Blacklick, OH asked in Patents (Intellectual Property) for Ohio

Q: How can I get help with researching patents? I am trying to obtain a proof of concept for my idea I want to patent.

Areas of interest:

Nanotechnology + Optics + Thin Film Technology

1 Lawyer Answer
Peter D. Mlynek
Peter D. Mlynek
  • Patents Lawyer
  • Moorestown, NJ

A: I am not sure if I quite understand what you are asking, but let me make a few comments:

(1) A proof of concept is usually obtained by performing research on the product or service that you want to put onto the marketplace. The type of questions that are being investigated are: “Will this product sell?”, “Can we make money on this?”, “How can we market it?”, “What sales channels should we use?”, “Does the product work?”, “How do we manufacture it?” The point of this exercise is not to answer these questions fully, but to simply getting a rough idea to figure out if the business idea makes sense in the real world.

(2) Depending on the technology, patents may or may not play a role in the proof of concept. If you are trying opening up a barber shop, then patents are not particularly relevant. If you are trying to produce new products containing nanotechnology or thin film products or trying to develop technology which you can license to manufacturers of products, then worrying about patents is crucial, and an analysis of the patent landscape should be a part of the business plan. It sounds like you fall into the latter category.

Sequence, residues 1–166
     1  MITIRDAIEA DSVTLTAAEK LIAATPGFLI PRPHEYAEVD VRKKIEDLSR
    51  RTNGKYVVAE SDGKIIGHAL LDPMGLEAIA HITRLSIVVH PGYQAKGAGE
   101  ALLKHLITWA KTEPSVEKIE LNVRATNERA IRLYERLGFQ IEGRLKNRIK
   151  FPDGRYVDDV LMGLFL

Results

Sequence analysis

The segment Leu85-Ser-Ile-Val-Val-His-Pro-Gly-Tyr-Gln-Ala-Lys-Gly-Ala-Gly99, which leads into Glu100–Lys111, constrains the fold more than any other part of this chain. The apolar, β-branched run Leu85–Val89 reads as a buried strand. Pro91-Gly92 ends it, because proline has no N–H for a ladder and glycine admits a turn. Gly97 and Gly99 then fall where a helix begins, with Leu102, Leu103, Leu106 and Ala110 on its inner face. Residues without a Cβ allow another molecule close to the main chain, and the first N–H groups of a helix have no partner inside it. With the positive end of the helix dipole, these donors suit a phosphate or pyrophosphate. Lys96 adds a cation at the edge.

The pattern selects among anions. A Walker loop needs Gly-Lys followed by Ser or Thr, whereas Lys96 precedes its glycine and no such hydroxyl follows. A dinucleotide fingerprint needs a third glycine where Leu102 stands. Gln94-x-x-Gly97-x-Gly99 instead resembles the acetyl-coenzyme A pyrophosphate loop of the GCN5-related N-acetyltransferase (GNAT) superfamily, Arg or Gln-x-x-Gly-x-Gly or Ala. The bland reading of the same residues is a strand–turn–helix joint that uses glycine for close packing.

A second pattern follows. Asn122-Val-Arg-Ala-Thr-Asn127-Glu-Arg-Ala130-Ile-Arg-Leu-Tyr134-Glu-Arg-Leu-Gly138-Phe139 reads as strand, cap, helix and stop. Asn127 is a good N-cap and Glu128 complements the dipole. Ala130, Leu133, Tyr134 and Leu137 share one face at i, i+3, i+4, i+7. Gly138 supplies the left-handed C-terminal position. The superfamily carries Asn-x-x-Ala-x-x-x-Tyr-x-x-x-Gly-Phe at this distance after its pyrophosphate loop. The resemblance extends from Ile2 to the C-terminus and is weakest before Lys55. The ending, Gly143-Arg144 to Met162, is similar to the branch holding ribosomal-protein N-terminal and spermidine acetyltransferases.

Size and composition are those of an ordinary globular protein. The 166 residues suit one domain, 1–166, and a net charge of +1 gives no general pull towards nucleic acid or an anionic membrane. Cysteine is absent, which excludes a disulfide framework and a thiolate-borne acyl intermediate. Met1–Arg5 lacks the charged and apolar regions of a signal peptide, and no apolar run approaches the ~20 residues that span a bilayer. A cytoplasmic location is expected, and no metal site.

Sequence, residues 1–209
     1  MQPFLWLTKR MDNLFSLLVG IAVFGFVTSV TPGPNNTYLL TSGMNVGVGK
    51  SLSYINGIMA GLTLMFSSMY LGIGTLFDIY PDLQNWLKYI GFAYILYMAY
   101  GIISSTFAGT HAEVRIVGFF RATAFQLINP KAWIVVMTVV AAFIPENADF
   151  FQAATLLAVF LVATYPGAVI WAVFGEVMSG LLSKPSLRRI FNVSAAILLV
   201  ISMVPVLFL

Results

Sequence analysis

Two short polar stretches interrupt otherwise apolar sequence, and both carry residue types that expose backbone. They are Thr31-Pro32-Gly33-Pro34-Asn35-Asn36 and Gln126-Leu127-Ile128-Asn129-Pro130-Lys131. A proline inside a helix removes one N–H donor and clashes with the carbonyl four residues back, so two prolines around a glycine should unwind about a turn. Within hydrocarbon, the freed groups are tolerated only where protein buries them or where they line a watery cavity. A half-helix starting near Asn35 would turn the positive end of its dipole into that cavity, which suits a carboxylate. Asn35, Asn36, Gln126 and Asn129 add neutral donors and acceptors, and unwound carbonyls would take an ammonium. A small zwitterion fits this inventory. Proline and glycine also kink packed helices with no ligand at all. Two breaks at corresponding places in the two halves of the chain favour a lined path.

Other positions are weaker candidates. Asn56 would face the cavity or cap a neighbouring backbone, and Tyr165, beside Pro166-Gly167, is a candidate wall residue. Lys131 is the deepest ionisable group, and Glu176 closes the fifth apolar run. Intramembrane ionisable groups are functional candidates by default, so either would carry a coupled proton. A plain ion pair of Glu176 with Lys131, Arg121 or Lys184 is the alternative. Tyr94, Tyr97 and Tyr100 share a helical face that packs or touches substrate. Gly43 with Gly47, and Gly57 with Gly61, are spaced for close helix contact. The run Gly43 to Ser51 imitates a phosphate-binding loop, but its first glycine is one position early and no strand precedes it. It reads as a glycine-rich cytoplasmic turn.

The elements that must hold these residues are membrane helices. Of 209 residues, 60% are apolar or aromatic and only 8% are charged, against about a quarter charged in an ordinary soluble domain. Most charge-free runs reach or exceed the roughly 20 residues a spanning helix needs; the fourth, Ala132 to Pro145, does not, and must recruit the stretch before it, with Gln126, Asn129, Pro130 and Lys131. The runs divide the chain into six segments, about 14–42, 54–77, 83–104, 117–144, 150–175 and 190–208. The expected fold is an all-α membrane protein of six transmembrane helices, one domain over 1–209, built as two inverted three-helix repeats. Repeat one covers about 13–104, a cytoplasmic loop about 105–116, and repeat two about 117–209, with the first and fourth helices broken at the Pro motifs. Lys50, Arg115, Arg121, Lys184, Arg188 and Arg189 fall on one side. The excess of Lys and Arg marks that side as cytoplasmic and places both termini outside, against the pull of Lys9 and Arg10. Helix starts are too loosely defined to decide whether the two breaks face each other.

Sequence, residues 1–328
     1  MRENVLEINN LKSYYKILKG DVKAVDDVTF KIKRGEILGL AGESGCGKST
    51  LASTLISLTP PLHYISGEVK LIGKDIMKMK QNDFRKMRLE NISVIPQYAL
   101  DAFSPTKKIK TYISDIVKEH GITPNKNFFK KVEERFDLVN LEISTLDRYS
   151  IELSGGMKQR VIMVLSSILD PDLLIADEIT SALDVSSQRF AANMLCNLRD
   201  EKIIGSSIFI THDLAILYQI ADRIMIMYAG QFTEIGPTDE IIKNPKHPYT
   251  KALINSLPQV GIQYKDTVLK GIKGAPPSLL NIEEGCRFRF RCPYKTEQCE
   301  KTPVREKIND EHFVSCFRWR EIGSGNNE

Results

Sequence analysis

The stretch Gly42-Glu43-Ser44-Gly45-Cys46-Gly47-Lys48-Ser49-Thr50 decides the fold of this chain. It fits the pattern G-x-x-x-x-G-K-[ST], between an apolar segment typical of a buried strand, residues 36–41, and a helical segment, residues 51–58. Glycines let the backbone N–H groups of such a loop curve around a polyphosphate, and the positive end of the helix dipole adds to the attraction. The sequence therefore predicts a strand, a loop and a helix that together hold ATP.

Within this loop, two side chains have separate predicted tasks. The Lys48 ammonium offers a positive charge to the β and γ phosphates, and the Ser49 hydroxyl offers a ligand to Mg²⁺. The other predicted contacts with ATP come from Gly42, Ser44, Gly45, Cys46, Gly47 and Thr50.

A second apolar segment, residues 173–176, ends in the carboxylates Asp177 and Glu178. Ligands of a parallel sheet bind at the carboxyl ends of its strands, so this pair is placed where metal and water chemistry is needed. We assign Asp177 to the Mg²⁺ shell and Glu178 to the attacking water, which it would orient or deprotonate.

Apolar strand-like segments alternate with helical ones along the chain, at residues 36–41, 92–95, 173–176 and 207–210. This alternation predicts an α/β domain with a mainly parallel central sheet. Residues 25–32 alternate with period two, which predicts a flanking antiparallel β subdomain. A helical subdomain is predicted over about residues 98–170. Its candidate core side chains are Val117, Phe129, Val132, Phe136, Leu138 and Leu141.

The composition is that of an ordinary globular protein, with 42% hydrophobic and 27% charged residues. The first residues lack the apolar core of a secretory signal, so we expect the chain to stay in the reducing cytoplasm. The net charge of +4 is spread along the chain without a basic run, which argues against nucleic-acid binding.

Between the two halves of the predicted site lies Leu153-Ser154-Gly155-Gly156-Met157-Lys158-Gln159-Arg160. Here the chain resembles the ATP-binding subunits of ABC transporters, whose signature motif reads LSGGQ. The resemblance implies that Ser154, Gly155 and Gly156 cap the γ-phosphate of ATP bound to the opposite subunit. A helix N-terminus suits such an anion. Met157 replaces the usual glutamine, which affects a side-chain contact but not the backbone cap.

(3) If you want to know what is going on with patents in your technology or that could affect your product, you need a patent landscape analysis, or a patent landscape report (“PLR”). You can search for what PLR is, but essentially it helps you to answer two questions:

- How likely is it that I will get sued for infringement when I make my product?

- How likely is it that I will get a valuable patent on my product?

(4) How extensive (and expensive) the PLR is a business decision. It can be a very terse report which just identifies the highlights and gives a quick&dirty look at the patent landscape. Or it could be a very detailed, scour the Earth type analysis that is extensive and offers a much clearer picture.

(5) You should have two people working on the PLR. One, a professional searcher who has access to all the right databases and is familiar enough with the technology to understand what is being asked (you do not want someone who just does keyword or class searches). Two, a patent attorney to give you a legal opinion on how relevant what the searcher found is to your business. You really need both. Usually, a client asks me to do the analysis, and then I select and hire the appropriate searcher whose results I then analyze, but some clients hire me separately from the searchers who may be their own in-house experts.

Good luck!

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